So, what did Jesus do as a boy? Whatever it took to become the man God made Him to be. We would do well to follow Boy Jesus’ example.

 

P.S. This article is cross-posted at InfluenceMagazine.com. For earlier posts in the Songs of Christmas devotional, see here:

The Hardest Part | Luke 2:21-40


Today’s Scripture reading: Luke 2:21–40

Several years ago, I was working at a church in Costa Mesa, California. For Pastor Appreciation Day, the church gave each staff member a generous gift card to a nearby restaurant. Two or three weeks later, most of the staff still had their cards. Not me. I used it the day I got it. In fact, immediately after the chairman of the board of elders handed me the card in the service, as I was walking down the aisle, I looked at a friend and signaled that we were having lunch together that day. I have a problem with delayed gratification, it seems. The lyrics to a Tom Petty song could be my motto: “The waiting is the hardest part.”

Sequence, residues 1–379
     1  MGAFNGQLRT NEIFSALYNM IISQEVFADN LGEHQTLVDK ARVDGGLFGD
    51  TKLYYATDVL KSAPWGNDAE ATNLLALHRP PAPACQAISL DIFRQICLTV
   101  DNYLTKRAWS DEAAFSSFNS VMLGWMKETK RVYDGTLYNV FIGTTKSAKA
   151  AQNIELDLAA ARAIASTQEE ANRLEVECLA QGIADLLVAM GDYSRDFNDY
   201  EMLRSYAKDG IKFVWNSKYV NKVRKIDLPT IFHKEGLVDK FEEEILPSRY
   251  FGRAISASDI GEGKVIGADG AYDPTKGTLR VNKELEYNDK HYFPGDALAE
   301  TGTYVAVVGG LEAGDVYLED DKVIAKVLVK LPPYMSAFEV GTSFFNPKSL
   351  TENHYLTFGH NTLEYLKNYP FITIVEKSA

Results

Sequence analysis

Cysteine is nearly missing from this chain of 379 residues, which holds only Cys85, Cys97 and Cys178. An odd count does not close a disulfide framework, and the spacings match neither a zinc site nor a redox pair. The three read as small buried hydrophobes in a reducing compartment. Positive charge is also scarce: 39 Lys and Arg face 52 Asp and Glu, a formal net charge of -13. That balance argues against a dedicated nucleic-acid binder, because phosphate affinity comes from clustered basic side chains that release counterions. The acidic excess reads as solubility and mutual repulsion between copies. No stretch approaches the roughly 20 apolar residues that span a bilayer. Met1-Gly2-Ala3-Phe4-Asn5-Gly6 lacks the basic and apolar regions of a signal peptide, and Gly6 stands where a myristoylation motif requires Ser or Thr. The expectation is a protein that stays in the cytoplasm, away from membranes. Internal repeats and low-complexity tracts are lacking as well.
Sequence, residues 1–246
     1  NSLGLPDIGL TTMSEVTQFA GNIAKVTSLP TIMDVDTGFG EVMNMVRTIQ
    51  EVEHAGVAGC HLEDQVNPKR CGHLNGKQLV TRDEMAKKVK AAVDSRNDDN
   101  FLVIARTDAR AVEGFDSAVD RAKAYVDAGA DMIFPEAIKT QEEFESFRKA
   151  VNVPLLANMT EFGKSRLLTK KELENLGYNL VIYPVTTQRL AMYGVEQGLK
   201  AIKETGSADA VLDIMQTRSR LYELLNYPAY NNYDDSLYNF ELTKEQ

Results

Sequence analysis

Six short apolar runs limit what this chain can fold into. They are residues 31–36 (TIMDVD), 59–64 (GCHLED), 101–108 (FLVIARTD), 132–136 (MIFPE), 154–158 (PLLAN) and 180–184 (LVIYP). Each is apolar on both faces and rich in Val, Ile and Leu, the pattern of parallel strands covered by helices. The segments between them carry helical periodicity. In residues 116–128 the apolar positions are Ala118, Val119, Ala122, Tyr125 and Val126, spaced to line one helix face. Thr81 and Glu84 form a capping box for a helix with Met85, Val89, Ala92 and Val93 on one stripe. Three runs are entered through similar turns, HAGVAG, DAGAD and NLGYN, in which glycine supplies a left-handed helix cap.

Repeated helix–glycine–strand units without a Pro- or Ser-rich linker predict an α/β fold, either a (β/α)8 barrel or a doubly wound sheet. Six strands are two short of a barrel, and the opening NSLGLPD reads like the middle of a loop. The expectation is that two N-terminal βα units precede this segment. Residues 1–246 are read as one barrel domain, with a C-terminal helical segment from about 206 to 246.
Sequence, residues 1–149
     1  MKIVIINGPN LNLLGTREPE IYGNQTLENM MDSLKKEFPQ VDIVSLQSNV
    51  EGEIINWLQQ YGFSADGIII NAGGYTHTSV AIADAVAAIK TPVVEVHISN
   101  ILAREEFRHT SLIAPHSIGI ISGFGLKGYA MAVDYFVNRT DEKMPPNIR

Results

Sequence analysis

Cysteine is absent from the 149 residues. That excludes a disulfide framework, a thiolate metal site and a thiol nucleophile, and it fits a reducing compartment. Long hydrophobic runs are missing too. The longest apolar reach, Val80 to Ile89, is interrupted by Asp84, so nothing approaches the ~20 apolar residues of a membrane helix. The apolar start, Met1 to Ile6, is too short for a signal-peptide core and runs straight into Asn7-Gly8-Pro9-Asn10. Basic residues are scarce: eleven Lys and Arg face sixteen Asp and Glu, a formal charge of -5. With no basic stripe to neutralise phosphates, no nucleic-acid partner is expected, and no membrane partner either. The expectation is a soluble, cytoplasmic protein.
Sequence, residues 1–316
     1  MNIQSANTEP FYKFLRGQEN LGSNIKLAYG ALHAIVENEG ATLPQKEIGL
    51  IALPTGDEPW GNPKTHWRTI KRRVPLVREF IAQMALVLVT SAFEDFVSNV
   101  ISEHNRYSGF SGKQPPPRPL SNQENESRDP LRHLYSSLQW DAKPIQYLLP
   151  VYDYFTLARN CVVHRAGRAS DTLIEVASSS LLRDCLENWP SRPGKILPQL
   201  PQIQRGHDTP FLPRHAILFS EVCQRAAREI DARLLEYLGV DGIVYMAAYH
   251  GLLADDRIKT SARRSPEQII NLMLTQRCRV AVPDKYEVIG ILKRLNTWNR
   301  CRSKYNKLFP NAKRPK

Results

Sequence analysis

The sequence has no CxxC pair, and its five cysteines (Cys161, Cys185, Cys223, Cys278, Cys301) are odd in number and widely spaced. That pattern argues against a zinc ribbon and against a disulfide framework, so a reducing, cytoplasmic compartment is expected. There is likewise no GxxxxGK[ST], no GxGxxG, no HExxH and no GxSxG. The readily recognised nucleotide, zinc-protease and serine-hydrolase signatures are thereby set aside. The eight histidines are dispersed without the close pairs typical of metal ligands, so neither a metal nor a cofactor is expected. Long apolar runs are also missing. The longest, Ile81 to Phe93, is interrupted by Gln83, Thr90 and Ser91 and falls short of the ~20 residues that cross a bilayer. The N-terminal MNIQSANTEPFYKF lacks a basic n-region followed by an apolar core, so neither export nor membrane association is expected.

Luke 2:21–40 tells the story of a man who waited to see “the consolation of Israel” (verse 25). His name was Simeon. Let’s take a quick look at his story.

According to Luke, Simeon was “righteous and devout” (verse 25). Moreover, “the Holy Spirit was on him.” Luke goes on to say, “It had been revealed to him by the Holy Spirit that he would not die before he had seen the Lord’s Messiah” (verse 26). From this statement, most interpreters reasonably infer that Simeon was old or near death when Joseph and Mary brought Jesus to the temple for ritual consecration. Taking Jesus in his arms, Simeon prophesied about the boy’s future.